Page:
Hands On Children's Museum.

In the Pacific Northwest, we’re feverish about everything local. We buy food grown close to home, clothes by local designers, and furniture crafted by NW artisans. We diligently support our local businesses because we know that everyone benefits from investing in our own economy.

You might be surprised to learn that same return on investment applies to our local nonprofit organizations as well. While many people tend to think of nonprofits as operating in a single-issue vacuum—literacy programs are about getting books into the hands of children, art museums are about inspiring people, and foster programs are about putting needy kids in homes ASAP—nonprofits are actually a powerful part of our economic engine.

“Communities are an ecosystem in which all the different players feed and support each other,” says Steve Moore, Executive Director of the Pacific Northwest’s M.J. Murdock Charitable Trust. “When we’re all contributing and working together, the entire community thrives.”

OBT at Keller Auditorium.

Image: James McGrew

Think about it. A show at Keller Auditorium or any of Portland’5 Centers for the Arts can be inspiring, life-changing even, but that’s only the beginning. Ticket holders are likely eating at local restaurants, staying at hotels, and paying for parking garages. Likewise, Hands On Children’s Museum in Olympia, Washington is more than just a fun place for kids. It’s engaging youth from all communities and inspiring the next generation of scientists and engineers. And Every Child Oregon connects volunteers with the foster-care system and helps give vulnerable kids role models so that they’re more likely to contribute positively to the community in the future.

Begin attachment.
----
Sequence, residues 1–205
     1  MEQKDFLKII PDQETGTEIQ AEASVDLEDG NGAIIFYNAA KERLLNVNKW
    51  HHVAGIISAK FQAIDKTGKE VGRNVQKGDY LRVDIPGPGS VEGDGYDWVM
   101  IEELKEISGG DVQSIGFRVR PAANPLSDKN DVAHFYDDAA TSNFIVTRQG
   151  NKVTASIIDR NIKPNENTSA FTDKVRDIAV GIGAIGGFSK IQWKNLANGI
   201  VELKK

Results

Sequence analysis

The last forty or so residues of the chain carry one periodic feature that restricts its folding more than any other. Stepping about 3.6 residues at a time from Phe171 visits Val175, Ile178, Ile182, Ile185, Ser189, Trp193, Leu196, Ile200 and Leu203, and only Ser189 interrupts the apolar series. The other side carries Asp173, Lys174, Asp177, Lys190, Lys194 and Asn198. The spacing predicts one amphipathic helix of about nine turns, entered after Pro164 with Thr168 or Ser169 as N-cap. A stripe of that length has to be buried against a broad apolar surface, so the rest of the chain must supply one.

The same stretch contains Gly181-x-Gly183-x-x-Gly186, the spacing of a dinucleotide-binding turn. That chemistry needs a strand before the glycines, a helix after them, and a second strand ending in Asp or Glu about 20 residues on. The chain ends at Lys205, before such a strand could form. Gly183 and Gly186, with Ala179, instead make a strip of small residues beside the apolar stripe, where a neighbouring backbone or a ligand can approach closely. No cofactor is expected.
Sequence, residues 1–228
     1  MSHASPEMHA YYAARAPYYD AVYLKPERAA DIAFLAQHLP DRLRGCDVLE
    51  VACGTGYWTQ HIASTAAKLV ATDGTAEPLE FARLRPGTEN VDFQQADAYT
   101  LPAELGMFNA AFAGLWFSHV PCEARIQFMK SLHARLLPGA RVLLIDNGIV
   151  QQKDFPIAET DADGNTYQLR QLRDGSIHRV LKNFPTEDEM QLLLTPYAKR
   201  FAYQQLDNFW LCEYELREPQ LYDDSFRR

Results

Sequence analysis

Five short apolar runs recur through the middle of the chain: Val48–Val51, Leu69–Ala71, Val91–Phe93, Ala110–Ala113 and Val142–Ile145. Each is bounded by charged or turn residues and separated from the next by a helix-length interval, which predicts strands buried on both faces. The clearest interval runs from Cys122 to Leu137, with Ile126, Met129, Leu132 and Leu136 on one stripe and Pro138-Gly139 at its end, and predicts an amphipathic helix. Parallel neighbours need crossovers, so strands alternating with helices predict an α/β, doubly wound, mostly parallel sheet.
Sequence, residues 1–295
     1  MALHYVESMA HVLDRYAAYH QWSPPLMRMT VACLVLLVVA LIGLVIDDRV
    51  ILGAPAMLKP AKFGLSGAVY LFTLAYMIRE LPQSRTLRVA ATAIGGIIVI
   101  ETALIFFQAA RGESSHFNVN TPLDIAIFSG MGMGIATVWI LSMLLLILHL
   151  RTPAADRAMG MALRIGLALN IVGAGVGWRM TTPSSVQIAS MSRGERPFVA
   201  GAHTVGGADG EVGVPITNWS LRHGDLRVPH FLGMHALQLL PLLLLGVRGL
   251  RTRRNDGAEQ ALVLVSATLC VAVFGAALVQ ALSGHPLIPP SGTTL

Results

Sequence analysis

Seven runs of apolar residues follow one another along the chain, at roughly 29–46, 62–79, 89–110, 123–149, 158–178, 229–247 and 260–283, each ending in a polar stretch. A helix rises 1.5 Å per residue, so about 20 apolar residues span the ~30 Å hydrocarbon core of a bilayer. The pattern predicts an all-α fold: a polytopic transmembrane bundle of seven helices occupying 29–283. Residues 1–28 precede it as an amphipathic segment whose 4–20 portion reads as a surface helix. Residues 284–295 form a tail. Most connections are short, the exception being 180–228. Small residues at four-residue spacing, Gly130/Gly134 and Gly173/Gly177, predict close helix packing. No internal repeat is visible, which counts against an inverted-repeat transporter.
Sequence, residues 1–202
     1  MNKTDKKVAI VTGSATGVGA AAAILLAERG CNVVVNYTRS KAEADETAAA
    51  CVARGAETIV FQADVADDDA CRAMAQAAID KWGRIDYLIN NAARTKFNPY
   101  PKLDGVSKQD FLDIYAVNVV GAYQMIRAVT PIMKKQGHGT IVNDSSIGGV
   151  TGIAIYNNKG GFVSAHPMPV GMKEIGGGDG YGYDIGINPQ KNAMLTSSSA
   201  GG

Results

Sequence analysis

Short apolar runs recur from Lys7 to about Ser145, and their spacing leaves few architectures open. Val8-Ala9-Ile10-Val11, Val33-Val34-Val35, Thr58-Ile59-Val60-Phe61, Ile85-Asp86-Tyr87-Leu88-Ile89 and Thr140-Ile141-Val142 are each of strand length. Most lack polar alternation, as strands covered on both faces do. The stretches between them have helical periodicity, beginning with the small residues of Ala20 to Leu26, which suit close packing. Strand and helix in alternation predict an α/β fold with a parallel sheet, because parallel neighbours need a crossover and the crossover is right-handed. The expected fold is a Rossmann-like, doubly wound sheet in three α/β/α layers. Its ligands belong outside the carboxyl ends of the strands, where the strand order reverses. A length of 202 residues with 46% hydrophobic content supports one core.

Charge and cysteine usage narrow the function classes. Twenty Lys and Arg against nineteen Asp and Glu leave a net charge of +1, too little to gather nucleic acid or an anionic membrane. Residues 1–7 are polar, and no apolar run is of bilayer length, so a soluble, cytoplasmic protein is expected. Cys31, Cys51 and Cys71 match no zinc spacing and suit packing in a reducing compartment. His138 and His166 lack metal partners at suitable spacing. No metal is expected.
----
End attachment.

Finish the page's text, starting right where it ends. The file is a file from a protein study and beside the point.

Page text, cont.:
This is what sowing the seeds of a healthy economy looks like. And, according to Moore, the long-term investment is worth it.

Embrace Oregon.

“You’re not necessarily going to see your contribution pay off tomorrow or even next week, but if you’re a business owner, you need to be thinking about your long-term customers and talent pipeline,” he says. “The way you build that is by making investments locally today.”

If your business isn’t able to make a financial investment, there are other ways you can contribute. Think about giving your staff a paid number of volunteer hours every year and encouraging them to join local nonprofit boards. You can also partner your business with local foundations and spread the word about your favorite organizations through event sponsorships.

When it comes to nourishing a sustainable ecosystem, every contribution helps uplift and support the entire community. Now that’s thinking like a local. And it’s good business.

The M.J. Murdock Charitable Trust works to serve individuals, families, and communities across the Pacific Northwest through grant-making and enrichment programs and has invested more than $1 billion in the region since 1975. To learn more about the thousands of nonprofits we service and to access free resources on nonprofit and leadership development, board service and planned giving, visit murdocktrust.org.

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